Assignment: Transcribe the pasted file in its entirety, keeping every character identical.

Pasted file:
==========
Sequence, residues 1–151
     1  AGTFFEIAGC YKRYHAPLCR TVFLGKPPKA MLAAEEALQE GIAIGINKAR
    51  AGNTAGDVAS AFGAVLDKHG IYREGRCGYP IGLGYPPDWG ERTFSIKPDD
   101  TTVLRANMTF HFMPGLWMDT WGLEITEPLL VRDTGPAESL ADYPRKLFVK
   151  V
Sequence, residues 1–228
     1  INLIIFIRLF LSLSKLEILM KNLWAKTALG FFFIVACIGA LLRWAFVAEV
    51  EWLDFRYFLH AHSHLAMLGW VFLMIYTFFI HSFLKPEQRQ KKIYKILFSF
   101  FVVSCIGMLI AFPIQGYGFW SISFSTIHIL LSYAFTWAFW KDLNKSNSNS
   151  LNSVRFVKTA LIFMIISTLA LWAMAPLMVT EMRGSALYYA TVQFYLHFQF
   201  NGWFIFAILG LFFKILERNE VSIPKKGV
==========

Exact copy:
Sequence, residues 1–151
     1  AGTFFEIAGC YKRYHAPLCR TVFLGKPPKA MLAAEEALQE GIAIGINKAR
    51  AGNTAGDVAS AFGAVLDKHG IYREGRCGYP IGLGYPPDWG ERTFSIKPDD
   101  TTVLRANMTF HFMPGLWMDT WGLEITEPLL VRDTGPAESL ADYPRKLFVK
   151  V
Sequence, residues 1–228
     1  INLIIFIRLF LSLSKLEILM KNLWAKTALG FFFIVACIGA LLRWAFVAEV
    51  EWLDFRYFLH AHSHLAMLGW VFLMIYTFFI HSFLKPEQRQ KKIYKILFSF
   101  FVVSCIGMLI AFPIQGYGFW SISFSTIHIL LSYAFTWAFW KDLNKSNSNS
   151  LNSVRFVKTA LIFMIISTLA LWAMAPLMVT EMRGSALYYA TVQFYLHFQF
   201  NGWFIFAILG LFFKILERNE VSIPKKGV